Subsistence, Technology, and Adaptive Variation in Middle Paleolithic Italy

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This collaborative study addresses questions about variation in behavior within the Middle Paleolithic period of west‐central Italy. The findings are directly relevant to the evolutionary “fate” of Neandertals and the appearance of anatomically modern humans in Europe. Analyses focus on variation in a number of dimensions of subsistence and technology, including patterns of ungulate procurement, food transport, and tactics of stone tool manufacture and use. All of these dimensions exhibit marked, possibly “vectored” change in the study area between 110,000 and 35,000 years ago. Interpretations of the archeological data are supported by independent studies linking food search, procurement, and transport behaviors to ecological rules affecting all large terrestrial predators. In this way, variation observed in the faunal and lithic data sets can be shown to reflect startling diversity in the responses of Mousterian hominids to the world around them. The data provide important insights into the nature of adaptive “raw material” already in place during the Middle Paleolithic, the foremost conclusion of this study. That this variation in resource exploitation and land use also appears directional is more difficult to evaluate. It could be explained by hominids' adjustments to local changes in coastal habitat as sea level regressed or, alternatively, an evolutionary shift in hominid capabilities. The first interpretation is preferred, on the basis of available evidence, but cannot be advanced as a certain conclusion. This question provides much stimulus for continued research in the study area and other regions, using the methods presented. 1992 American Anthropological Association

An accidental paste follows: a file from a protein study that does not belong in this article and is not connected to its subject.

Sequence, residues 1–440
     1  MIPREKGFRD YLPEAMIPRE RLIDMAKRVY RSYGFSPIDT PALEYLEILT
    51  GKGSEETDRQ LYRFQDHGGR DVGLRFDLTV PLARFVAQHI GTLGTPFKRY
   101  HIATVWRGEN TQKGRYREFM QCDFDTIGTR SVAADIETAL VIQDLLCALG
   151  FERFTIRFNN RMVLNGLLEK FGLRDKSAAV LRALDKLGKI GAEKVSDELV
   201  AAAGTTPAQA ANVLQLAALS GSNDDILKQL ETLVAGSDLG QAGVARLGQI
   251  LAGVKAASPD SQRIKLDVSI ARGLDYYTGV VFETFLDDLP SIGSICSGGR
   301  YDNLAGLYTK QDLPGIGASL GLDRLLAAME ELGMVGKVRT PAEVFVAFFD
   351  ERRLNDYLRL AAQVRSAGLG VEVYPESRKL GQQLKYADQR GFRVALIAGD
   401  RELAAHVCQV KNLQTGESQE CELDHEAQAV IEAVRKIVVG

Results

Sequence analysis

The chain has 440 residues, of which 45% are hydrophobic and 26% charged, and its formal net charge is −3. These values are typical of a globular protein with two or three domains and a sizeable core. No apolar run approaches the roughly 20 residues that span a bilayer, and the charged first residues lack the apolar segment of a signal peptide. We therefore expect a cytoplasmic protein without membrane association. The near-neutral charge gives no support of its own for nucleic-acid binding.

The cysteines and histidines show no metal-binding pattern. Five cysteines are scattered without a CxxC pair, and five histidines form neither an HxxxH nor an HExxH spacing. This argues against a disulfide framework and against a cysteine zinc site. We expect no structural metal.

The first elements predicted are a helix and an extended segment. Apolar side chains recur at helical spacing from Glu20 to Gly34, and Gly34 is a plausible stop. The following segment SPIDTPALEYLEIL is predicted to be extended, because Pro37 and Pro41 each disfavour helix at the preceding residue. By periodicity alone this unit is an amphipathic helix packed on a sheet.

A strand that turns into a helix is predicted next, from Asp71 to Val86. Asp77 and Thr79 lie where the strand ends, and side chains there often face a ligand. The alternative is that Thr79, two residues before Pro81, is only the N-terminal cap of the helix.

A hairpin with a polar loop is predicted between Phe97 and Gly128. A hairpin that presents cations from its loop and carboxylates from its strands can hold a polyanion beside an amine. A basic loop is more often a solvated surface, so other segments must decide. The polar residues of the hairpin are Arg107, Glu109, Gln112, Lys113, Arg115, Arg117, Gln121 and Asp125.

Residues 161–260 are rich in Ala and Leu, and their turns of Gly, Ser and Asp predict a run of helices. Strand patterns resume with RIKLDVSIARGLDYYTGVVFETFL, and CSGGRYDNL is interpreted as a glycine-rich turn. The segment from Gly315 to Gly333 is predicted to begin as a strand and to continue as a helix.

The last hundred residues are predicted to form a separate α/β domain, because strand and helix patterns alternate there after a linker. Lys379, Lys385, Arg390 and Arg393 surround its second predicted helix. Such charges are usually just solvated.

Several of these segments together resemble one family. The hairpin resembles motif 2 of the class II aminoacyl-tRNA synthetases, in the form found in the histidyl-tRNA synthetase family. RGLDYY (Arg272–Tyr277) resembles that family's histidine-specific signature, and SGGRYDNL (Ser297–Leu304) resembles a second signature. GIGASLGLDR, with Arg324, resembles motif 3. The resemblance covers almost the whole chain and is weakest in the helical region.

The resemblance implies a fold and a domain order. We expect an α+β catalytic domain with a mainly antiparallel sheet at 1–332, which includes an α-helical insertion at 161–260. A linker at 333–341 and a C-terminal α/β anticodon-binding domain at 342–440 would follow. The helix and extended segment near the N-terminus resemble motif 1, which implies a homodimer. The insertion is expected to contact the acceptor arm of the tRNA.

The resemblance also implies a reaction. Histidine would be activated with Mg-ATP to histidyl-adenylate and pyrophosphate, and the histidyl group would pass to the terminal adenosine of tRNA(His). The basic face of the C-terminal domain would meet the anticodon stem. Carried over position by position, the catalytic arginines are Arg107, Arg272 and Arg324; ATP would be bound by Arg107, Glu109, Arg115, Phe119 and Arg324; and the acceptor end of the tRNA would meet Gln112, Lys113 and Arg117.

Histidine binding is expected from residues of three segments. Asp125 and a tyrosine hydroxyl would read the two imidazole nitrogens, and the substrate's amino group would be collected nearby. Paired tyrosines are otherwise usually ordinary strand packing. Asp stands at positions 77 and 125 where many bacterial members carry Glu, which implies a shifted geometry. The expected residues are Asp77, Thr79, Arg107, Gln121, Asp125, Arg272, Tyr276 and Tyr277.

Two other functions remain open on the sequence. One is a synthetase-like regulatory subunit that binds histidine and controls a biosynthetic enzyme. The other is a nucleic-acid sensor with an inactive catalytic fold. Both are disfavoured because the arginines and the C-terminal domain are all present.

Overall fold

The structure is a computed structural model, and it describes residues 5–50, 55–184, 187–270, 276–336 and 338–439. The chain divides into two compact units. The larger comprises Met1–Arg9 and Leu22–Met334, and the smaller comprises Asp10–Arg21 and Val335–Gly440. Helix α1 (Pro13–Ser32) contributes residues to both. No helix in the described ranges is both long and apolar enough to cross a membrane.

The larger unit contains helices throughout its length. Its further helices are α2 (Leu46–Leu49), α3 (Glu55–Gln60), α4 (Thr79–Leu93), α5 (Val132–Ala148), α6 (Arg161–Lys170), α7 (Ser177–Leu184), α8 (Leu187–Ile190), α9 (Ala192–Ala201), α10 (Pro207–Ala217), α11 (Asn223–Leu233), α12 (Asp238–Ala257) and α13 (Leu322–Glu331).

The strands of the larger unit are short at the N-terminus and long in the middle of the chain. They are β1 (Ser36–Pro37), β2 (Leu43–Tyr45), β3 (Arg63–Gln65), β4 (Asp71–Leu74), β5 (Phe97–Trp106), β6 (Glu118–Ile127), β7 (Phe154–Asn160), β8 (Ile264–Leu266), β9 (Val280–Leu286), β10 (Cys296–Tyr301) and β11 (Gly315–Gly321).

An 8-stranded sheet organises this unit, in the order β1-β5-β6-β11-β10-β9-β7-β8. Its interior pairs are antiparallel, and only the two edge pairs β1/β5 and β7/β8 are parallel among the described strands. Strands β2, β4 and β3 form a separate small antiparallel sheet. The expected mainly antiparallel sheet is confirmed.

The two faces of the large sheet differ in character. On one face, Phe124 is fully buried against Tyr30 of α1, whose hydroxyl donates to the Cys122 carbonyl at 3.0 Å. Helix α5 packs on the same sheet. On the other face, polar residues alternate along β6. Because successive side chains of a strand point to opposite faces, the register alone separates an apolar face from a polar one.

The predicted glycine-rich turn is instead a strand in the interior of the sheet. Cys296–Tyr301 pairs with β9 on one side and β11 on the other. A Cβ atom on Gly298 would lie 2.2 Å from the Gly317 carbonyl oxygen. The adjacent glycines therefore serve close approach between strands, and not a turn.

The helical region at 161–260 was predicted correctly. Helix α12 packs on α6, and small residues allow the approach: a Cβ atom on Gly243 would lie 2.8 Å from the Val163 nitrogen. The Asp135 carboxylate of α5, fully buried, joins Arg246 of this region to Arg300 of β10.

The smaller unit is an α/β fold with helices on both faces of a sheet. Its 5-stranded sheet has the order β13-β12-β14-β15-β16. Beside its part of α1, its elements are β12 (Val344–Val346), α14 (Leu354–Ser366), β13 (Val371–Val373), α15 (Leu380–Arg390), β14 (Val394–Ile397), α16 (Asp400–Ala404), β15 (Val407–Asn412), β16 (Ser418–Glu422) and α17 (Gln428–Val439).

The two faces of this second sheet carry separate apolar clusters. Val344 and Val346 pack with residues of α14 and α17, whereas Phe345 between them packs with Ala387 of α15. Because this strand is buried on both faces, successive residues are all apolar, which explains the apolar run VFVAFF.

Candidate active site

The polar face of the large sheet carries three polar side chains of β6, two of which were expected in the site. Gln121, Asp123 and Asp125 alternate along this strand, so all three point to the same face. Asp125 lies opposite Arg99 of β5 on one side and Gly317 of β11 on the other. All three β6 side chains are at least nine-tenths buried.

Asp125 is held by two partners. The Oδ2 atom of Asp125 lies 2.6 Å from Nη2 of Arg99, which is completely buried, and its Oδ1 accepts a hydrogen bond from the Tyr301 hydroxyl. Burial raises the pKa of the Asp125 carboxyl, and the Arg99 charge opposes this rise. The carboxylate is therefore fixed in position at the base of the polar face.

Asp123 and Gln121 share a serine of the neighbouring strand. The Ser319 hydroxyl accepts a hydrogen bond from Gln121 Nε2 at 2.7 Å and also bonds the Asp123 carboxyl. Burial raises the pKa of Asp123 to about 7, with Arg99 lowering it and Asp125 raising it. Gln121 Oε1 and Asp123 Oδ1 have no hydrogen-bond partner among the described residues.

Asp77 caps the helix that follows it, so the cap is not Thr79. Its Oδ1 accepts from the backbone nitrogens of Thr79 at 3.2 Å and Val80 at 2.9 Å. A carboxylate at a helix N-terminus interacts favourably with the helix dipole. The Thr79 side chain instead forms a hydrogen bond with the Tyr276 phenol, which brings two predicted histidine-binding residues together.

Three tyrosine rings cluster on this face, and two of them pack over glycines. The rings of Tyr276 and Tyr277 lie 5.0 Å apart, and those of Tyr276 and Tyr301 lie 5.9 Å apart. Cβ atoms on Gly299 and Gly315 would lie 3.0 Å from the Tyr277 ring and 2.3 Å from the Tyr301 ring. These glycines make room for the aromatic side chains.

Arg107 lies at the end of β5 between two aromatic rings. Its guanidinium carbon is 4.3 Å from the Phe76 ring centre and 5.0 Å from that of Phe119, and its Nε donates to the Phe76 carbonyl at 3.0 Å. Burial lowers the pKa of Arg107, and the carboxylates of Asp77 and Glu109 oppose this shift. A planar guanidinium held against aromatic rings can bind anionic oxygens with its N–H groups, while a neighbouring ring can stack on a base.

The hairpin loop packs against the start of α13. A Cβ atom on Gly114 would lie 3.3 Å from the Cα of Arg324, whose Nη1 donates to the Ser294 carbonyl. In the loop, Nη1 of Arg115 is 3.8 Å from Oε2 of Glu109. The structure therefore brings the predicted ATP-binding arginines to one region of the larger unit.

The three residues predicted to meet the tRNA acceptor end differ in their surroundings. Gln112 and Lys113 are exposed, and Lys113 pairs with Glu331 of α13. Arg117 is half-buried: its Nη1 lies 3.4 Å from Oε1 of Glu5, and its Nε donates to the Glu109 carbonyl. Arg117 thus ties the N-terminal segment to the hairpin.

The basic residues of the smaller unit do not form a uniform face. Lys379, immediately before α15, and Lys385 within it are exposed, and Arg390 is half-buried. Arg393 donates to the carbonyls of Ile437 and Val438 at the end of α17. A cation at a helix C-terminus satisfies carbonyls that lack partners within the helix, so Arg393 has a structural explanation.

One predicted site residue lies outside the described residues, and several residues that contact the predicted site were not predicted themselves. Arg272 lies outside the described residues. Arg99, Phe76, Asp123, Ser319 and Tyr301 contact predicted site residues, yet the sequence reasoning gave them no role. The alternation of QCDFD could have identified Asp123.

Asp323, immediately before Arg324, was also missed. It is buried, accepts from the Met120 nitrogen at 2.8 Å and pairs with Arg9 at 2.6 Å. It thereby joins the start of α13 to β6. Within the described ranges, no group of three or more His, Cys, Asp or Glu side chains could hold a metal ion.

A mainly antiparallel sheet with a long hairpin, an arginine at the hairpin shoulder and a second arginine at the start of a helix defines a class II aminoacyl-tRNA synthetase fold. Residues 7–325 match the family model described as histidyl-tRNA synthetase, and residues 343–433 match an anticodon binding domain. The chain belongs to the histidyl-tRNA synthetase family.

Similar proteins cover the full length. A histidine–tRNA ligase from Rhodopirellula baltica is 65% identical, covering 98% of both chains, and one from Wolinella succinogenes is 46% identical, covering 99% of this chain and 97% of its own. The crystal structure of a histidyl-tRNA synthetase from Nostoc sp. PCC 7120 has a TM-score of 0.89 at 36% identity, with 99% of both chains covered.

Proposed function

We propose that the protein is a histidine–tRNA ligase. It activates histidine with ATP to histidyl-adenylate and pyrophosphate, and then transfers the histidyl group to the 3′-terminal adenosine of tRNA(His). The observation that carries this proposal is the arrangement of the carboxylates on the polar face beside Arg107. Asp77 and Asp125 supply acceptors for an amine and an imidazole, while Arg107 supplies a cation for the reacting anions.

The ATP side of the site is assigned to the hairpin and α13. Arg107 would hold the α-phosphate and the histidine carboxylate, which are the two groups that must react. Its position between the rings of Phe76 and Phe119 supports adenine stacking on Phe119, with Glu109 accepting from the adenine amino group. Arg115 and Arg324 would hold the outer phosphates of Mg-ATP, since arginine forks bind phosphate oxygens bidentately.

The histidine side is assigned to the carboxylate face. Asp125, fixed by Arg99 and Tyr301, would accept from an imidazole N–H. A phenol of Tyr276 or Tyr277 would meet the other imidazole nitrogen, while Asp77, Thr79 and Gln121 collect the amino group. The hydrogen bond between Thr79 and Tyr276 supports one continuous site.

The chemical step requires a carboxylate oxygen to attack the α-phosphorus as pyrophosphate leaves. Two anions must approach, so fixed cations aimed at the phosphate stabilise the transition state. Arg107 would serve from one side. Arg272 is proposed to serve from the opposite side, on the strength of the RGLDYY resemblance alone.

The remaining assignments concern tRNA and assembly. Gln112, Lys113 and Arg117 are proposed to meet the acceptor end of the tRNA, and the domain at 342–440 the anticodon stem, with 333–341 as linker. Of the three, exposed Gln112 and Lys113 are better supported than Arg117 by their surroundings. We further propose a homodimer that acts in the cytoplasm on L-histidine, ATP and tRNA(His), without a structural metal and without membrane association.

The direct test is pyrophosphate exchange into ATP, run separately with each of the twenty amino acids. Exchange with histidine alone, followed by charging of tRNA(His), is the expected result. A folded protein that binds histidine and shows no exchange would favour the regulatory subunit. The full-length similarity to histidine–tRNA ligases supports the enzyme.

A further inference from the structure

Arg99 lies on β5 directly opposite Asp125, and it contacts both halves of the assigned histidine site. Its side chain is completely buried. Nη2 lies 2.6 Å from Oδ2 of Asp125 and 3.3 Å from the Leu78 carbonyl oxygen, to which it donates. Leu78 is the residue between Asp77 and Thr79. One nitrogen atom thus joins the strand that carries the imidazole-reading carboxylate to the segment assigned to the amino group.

Original languageEnglish (US)
Pages (from-to)306-339
Number of pages34
JournalAmerican Anthropologist
Issue number2
StatePublished - Jun 1992

ASJC Scopus subject areas

  • Anthropology
  • Arts and Humanities (miscellaneous)


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